The Cashu Nova Story, Part I – Before Success

Posted on July 13, 2008

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Hollywood. Metrosexual has been with us for a while now, which, in case you have been living in a cave, refers to the practice of some men to dress gay even though they aren’t. Particularly.

Of course somebody was eventually going to come up with a fashion answer to the metrosexual trend more definitive than sweatpants and muscle Ts. After all that look is already classic. Now the super-hot fashion house of Cashū Nova of Hollywood has finally made a breakthrough with their new line of “bundle pants” which is creating a great deal of industry buzz. Word is Cashū Nova might be in the forefront of a whole new direction for fashion. And it all began with a dip in the ocean off the Oregon coast.

But this is a story far too interesting to start in the middle.

“Oh, no, we’re not going to go into that?” said Emmaline Gladden, Business Manager and Chief of Design at Cashū Nova, and wife of fashion house CEO Axel Gladden. She and her husband were interviewed together recently at their fashionable clifftop, oceanview southern California home.

“People should at least hear it from us first,” said Axel. And he proceeded to tell the story of how it was before “bundle pants”, before Cashū Nova became the hottest new fashion house on Sunset Strip, when the Gladdens were still struggling to find the breakthrough idea which would make them known and establish them in the Hollywood fashion industry.

“The idea I was working with originally,” said Axel, “didn’t play out, really, the way I expected it to.”

“No, it didn’t,” said his wife, dryly. “There was the neighbour with the baseball bat, for instance.”

“He said he was on his way to batting practice,” said Axel.

“And you believed him.”

“No, I didn’t believe him. I was pretty sure he didn’t play baseball,” said Axel. “But I did consider that I had to add personal security costs into my business plan when I went to see the bank.”

“Yes, Axel still decided to go to the bank.”

“The appointment was already scheduled. Anyway it was you….”

“I admit that it was me that told Nance,” said Mrs. Gladden, holding up her hands and laughing. “Nance was our next door neighbour at that time, and Axel had worked up a line of paternity clothes. I mean, it was his idea, but I made up the prototypes.”

“I know,” Axel said, looking rueful. “Paternity clothes. What could I have been thinking? But you know, the time just seemed ripe for it. Men were being sensitive. They were going to Lamaze classes in order to participate in the birth process. They were willing—okay, this was the argument I was making, the concept—men were willing to share the birthing experience, so why not the pregnancy experience? You heard it all the time, you know, women who loved being pregnant, but hated being fat. I thought, well, what if women didn’t have to do it alone?”

“Axel says that you have to pay attention to the zeitgeist,” said Emmaline.

“Fashion is in the moment. Who said that?” asked Axel.

Emmaline didn’t know.

“Anyway, in fashion, you have to be bold,” continued Axel. “You have to take chances. The fashion industry is not for sissies. I think Emmaline would agree.”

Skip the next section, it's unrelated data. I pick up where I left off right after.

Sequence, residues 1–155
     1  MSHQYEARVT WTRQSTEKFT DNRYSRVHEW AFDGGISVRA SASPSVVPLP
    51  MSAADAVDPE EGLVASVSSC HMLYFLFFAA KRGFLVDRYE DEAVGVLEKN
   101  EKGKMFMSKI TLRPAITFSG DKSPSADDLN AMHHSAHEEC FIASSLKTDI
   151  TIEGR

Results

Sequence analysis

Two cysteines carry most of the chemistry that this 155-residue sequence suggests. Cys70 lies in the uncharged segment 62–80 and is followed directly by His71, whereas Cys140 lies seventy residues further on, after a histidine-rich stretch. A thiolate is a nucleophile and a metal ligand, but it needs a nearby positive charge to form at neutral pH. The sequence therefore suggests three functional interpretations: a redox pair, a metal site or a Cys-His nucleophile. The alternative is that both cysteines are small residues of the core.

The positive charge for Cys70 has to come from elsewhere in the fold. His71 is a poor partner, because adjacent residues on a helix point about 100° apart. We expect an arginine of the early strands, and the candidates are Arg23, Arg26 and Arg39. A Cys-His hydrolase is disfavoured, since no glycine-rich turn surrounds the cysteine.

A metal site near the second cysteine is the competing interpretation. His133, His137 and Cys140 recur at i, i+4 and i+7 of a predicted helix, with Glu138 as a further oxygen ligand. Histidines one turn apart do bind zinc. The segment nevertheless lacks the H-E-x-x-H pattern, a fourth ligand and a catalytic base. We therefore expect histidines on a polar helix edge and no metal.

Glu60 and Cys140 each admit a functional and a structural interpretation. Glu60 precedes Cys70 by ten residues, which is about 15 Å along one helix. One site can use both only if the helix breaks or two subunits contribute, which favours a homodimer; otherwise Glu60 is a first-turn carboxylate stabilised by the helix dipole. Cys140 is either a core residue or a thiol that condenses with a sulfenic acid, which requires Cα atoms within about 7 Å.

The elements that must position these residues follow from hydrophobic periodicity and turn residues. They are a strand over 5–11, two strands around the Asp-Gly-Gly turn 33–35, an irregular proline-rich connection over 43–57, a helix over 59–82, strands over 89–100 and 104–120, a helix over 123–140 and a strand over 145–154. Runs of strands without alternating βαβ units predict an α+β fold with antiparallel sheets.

“I wouldn’t put it exactly that way, though.”

“My paternity line was a bold step. Nobody says the House of Cashū Nova does not take chances. We had a Mr. 3 Months, a Mr. 4 Months , a Mr. 5 Months, all the way up to Mr. Nine Months. Incorporating all the latest print styles, modern cuts and fabrics, subtle manly accessories, you know what I mean. But the basic idea is that as the mother’s belly grows, so does the father’s.”

“Tell him about the enlarged breasts option,” added Emmaline.

“Well, that’s part of it, isn’t it?” asked Axel. “The whole pregnancy experience. The belly grows, the breasts swell.”

“What about leaking…?”

“That part was optional,” Axel said. “The enlarged breasts. We weren’t sure how it fitted in. We considered that not everyone would want it.”

“Oh god, I was laughing so hard,” says Emmaline, taking over the story, “that I had to tell Nance. You know, she lived next door. Oh, I know it was an industry secret, and I wasn’t supposed to tell anybody, but I just couldn’t hold it in. I swore Nance to secrecy. And she went straight to her husband and told him. Well, not just told him. You know, I thought she was the sweetest little thing. I mean, I didn’t know she was so sarcastic. She must have been really teasing her husband about his belly.”

Axel continued, “And that’s how he happened to come over with his baseball bat, the night before our appointment at the bank. He said to me that if he got called Mr. 5 Months one more time….”

“Nance was being unfair,” said Emmaline, mischievously. “I don’t think he was more than Mr. 3 Months, or Mr. 4 Months Petite.”

“We were a little shaken up, I admit” said Axel, “but we still decided to make our scheduled appointment at the bank. It was the banker who changed our minds.”

“Without saying a word.”

“He didn’t get a chance to say a word except hello. You realize that that was the first time that we had actually met our banker. We had been dealing with his junior up till then. And then we walk into his office, and there reaching out to shake my hand is Mr. 7 Months in the flesh! Our banker was Mr. 7 Months.”

“And he had decided in favour of the breast option, as well,” added Mrs. Gladden.

“I realized then,” said Axel, “that I was reading the zeitgeist all wrong.”

“Axel nearly fainted. Yes, and you can see why my husband wanted to make sure you heard this whole story,” said Mrs. Gladden. “There are parts of it, which, if they got into malicious hands, could be exaggerated beyond all reason.”

“I finally gave up on the plan. I almost felt like giving up on everything, I must admit. Emmaline and I went up the Oregon coast to take a vacation. And regroup.”

And regroup they did.

But that is a story for Part II.